“We’re short on cash so we need things that are going to free up money today. This plan is a significant step forward, I think everyone is moving in the right direction and I hope that continues. The more everybody’s talking the better off we will be," Greenwald said.

When asked for reaction to the proposal, Jeremy Rosen, deputy press secretary for the governor, said in an email, “as usual, we don’t comment on draft or pending legislation without having had time to review it.”

The governor has previously said the plan he brokered with Sweeney is the only one on the table.

When Atlantic Mayor Don Guardian’s office was called, Townsquare Media was told the mayor was not available for comment, however his office did send out a written statement from Guardian a short time later. It reads:

“While I applaud the beginnings of a compromise by the Senate President and others, I still believe the framework set forth within Assemblyman Prieto’s bill continues to be the most pragmatic. We have enormous problems with legacy costs and debt service from previous tax appeals and other debts that must be addressed over the long-term. I am completely open to compromise and working together to find a solution, but it must be within a reasonable and practical framework.”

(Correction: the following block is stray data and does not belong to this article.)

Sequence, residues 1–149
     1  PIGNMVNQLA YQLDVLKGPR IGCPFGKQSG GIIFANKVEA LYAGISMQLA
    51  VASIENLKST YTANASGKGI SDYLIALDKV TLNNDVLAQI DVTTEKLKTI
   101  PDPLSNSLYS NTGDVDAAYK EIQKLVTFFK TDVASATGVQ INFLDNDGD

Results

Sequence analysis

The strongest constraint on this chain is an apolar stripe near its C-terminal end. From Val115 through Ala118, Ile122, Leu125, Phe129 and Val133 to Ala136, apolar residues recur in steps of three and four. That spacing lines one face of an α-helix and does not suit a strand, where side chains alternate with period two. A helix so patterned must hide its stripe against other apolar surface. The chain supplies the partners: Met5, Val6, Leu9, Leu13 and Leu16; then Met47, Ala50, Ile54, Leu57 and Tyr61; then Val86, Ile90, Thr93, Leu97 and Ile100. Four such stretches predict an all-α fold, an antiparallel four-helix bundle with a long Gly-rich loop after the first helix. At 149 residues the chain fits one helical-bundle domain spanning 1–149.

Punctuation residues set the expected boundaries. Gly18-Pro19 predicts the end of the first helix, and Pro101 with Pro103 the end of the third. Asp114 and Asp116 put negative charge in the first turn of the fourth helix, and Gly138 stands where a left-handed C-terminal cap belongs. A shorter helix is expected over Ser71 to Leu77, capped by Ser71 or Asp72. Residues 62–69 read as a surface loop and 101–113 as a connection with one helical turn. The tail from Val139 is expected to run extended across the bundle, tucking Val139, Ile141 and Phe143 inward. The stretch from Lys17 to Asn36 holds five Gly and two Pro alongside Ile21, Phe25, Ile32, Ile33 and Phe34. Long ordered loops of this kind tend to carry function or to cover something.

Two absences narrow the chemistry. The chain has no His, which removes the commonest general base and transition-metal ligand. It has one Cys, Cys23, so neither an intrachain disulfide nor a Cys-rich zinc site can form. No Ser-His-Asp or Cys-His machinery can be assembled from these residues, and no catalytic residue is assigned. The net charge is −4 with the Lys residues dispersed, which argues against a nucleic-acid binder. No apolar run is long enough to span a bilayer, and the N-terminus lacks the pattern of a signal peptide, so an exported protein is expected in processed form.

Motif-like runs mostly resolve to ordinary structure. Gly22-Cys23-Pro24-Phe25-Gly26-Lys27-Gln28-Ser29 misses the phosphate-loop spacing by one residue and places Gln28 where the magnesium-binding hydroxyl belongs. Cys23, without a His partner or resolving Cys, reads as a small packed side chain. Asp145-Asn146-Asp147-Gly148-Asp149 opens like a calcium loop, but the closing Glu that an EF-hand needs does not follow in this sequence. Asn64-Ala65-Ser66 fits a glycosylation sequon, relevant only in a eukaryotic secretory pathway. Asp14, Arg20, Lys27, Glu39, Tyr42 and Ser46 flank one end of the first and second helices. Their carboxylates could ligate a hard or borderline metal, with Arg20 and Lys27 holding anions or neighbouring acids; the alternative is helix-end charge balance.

Prieto’s plan calls for a planning committee to be formed by summer to develop a five-year plan for Atlantic City; three of the members would be from the Christie administration. That panel would have to set benchmarks and issue reports to a special master appointed by Supreme Court Chief Justice Stuart Rabner.

Christie has said repeatedly that bill is not an option.